I thought today about Sarah Churchwell and her book on Careless People in the Gatsby. Perhaps this reaction was global?(less)
It wasn't a view that one should simply complain about the burgeoning surveillance state and so on, but that we can, in fact, must build the tools of...moreIt wasn't a view that one should simply complain about the burgeoning surveillance state and so on, but that we can, in fact, must build the tools of a new democracy.
Plagiarism has been the flashpoint on GR this weekend. I thought about the controversy when copyright law is called into question throughout Cypherpunks. Sharing and privacy not only maintain autonomy, so the book goes, but each further civilization. It is difficult to argue with that. That said, this discussion was all a bit "meh" for me. Lord knows I hate that judgment but it sticks to me. There is total lack of rigor in this book. Points are made and then begins a retreat into glib rejoinders and cliché. It is important to recall that this occurred before the Snowden revelations. I will likely explore some secondary sources now. (less)
Everything we forget about our own lives was really condemned to oblivion by an inner instinct long ago. - Stefan Zweig
It is easy to lose oneself in t...moreEverything we forget about our own lives was really condemned to oblivion by an inner instinct long ago. - Stefan Zweig
It is easy to lose oneself in this text. The Impossible Exile is well written and avoids annotation all the while projecting perosnal experiences into isolated threads. The author explores the three principal locations of Zweig's post-Anschluss exile: England, the US and Brazil. Prochnik details the broader context of the wartime European refugee, the obstacles and the reception. The letters and memoirs of Brecht, Bruno Walter, Hermann Broch and others are mined. That is a delightful touch on such a sorrowful subject. Interspersed are photographs of Zweig, his second wife Lotte and the locales of their means of escape.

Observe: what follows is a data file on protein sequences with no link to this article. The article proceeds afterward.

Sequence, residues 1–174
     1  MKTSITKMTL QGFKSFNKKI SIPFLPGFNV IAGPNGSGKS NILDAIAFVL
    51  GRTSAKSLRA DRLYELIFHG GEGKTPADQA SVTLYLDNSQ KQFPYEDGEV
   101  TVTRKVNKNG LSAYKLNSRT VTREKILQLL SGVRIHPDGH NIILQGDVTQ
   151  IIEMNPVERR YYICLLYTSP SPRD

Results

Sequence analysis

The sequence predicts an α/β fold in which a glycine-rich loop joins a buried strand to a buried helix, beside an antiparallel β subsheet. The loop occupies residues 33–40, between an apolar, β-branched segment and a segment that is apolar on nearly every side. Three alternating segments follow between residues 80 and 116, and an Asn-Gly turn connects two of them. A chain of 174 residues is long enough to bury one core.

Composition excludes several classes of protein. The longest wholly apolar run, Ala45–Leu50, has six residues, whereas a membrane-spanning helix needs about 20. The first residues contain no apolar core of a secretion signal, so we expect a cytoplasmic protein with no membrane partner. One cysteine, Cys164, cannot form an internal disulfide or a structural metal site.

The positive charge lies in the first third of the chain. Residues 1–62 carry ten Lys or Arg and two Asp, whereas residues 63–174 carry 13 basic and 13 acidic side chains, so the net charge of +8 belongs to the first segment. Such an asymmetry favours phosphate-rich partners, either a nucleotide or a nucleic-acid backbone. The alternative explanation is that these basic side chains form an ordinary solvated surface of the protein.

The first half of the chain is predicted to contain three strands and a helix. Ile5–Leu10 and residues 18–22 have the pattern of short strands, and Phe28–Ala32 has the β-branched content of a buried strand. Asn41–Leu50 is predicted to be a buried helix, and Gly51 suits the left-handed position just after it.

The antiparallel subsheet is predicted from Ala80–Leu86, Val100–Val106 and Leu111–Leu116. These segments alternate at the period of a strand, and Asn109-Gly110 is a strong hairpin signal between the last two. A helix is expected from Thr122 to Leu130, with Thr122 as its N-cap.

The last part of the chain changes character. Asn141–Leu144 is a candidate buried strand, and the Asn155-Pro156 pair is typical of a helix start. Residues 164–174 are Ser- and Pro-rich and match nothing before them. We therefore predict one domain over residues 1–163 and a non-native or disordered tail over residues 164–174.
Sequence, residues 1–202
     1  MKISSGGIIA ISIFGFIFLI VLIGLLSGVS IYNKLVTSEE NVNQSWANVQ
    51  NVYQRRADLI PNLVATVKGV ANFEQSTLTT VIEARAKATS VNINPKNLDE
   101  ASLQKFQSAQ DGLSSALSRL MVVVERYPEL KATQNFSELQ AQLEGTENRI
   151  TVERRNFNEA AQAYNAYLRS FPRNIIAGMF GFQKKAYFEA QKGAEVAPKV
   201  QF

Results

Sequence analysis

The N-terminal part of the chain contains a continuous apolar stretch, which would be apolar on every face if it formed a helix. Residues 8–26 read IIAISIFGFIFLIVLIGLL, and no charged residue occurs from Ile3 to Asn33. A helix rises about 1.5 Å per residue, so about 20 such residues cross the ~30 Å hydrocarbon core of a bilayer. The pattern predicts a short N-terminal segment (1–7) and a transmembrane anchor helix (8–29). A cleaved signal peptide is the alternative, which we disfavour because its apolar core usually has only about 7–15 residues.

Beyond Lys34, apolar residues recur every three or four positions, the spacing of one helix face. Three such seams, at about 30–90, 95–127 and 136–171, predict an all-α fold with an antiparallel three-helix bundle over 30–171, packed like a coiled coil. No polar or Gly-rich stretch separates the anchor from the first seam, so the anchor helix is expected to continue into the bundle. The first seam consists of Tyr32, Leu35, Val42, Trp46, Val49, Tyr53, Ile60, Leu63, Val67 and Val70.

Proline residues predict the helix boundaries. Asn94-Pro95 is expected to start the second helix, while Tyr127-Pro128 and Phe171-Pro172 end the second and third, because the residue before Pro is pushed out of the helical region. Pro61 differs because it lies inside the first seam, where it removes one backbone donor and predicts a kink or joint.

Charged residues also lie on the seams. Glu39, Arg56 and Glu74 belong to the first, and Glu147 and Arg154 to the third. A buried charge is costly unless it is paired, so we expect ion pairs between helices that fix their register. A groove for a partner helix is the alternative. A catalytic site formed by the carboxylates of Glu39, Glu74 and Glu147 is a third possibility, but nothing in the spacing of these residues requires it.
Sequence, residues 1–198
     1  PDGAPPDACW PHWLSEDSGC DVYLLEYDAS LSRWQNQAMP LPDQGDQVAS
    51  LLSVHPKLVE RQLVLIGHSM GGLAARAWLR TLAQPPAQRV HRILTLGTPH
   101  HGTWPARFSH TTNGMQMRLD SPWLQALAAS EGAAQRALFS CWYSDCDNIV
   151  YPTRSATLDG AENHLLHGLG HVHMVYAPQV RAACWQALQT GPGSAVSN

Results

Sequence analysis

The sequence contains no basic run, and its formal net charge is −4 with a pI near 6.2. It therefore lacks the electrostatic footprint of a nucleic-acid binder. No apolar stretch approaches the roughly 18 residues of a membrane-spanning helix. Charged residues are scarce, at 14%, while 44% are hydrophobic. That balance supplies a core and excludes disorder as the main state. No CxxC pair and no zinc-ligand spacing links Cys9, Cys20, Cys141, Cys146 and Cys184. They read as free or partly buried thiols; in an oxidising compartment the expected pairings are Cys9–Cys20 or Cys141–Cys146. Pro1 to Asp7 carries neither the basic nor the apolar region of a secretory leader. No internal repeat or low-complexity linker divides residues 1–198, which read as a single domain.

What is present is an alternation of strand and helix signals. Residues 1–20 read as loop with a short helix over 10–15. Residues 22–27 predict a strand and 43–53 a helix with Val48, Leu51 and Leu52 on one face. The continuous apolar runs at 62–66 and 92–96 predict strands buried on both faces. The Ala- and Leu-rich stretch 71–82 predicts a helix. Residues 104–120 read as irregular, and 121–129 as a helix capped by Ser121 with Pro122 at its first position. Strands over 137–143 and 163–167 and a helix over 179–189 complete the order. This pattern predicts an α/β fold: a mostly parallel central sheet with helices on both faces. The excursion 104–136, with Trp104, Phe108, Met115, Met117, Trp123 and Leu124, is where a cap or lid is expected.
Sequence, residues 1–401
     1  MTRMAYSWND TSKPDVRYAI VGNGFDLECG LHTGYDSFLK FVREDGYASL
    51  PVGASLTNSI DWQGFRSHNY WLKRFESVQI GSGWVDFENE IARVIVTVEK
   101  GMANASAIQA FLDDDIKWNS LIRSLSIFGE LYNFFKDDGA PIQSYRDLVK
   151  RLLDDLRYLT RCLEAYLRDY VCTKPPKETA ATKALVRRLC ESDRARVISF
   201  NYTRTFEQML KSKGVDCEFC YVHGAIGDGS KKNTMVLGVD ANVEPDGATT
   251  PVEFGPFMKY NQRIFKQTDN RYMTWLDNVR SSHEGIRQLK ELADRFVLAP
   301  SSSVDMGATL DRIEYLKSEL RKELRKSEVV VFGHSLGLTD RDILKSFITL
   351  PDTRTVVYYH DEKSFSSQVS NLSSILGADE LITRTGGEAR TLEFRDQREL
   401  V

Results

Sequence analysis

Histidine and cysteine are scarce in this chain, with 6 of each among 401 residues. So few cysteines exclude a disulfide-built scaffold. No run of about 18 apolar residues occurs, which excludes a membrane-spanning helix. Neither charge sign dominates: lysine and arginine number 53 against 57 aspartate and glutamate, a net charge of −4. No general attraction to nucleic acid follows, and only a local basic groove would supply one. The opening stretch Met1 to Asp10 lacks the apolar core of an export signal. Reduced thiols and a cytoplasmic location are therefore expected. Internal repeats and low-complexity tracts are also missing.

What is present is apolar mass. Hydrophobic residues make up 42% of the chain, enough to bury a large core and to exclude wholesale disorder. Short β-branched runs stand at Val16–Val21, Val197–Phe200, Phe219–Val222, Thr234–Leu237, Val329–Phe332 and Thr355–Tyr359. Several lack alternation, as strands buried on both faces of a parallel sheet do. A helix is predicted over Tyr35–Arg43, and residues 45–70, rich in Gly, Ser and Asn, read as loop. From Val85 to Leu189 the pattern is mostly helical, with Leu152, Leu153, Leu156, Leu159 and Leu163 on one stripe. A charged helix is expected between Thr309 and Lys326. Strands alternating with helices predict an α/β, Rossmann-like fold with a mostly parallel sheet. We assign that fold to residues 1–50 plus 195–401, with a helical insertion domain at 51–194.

There is a measure of literary criticism of Zweig's work, especially his autobiography. Such is fine but it is the study of the dispossessed's plight which make this such an engrossing endeavor. (less)
The most concrete emblem of every economic cycle is the dump.
Earlier this summer I enjoyed a podcast by one of the members of Wu Ming. The author spok...moreThe most concrete emblem of every economic cycle is the dump.
Earlier this summer I enjoyed a podcast by one of the members of Wu Ming. The author spoke about responsibility and the New Italian Epic. Gommorah was the one example of the latter which was discussed at length. It was noted that the work suffered from a horrible translation into English. Perhaps the last qualification should give it a pass, as I found the work to be uneven. Nominally this is an exploration of criminal culture in the Naples area of Italy. This is a deeply emotional response to a Foucauldian nightmare, one where modern capitalism has disrupted classic Mafioso structures and replaced them with something more pervasive and insidious. The book opens with how the fashion and garment industries occupy the area around Naples and the fierce and often lethal competition which exists within such. Many of these operations expand upon a certain level of growth to include drug trafficking. The modern business notion of focus groups becomes warped to a situation where nearly free heroin is given to the destitute to see if it is safe. Credit and logistics allow the clans influence in global flashpoints and thus arms begin the circuitous travels.
The book concludes exploring the criminal involvement in construction and waste disposal. The details are harrowing. Saviano lists the misdeeds impassively, periodically noting "I know and I can prove it". This verification strikes me as an even more bleak outlook. (less)
They were not searching for a vein of gold, except as a metaphor. The difference was that they were searching for something that resided in a mind, ev...moreThey were not searching for a vein of gold, except as a metaphor. The difference was that they were searching for something that resided in a mind, even if it was also recorded on a piece of paper or as an object.
Conversations excels at pace, at a creeping along, exhaling the languid sighs of the insomniac, sorting through the clues of the day, hoping against all hope to make any sort of sense of it all. Nominally the focus is of a higher state. The protagonist's days are spent in contemplation and philosophical discussion. Parse away the bullshit and it is everyman's sleepless night.